Medicine can be as important as food. So its safety can never be
The execution of Zheng Xiaoyu, the former director of the State
Food and Drug Administration (SFDA), in July this year for taking
bribes for approving licenses for new drugs, signifies the
country's determination to crackdown on irregularities in the
entire process from approval of new drugs to their manufacture and
The action to overhaul the drug market has achieved expected
results, according to an official from SFDA at yesterday's press
conference. Altogether 7,300 applications for new drugs have been
rejected, nearly 300 plants manufacturing drugs and producing
medical appliances closed, and 120 approvals of advertisements for
drugs revoked in the past 18 months.
We get a double message from these figures: the overhaul has
indeed made great achievements; but it also shows how chaotic the
entire drug market is.
The clearing up of the multiple titles for one type of drug is a
serious task among others in the overhaul. More efforts are needed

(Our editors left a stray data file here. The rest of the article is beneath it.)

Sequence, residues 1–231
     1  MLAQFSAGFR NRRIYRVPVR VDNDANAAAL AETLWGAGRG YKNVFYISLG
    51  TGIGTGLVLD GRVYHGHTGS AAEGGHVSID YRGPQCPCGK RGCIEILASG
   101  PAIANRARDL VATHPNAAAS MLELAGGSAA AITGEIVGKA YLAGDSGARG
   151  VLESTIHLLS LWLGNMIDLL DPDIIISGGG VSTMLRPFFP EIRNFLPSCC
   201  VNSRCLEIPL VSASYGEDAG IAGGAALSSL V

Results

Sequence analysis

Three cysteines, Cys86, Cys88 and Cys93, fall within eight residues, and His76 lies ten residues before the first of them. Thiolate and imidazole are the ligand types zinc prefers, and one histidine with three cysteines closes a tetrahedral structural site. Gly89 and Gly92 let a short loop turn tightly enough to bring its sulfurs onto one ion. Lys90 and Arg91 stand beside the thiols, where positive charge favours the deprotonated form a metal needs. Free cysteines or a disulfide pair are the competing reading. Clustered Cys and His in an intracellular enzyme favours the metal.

to effectively check the unhealthy tendency of multiplying
different versions of the same drug just by altering the
combination of its ingredients. Such a practice has proved to be
rife among doctors bribed by drug salespeople to prescribe the
drugs they sell. It also increases the possibility of overuse of
antibiotics and other drugs by patients.
Despite the great achievements, the battle will continue between
the watchdogs and those drug manufacturers and salespeople. This is
a universal problem rather than one unique to China. It challenges
our government's capability to establish a sound system to stop
inferior and unsafe drugs from entering the market, and punish
those who attempt to benefit at the expense of people's lives.
We are happy to see that the overhaul nationwide also spares no
efforts in establishing a permanent monitoring and supervision
mechanism. This is exactly where hope lies for an orderly drug
(China Daily December 4, 2007)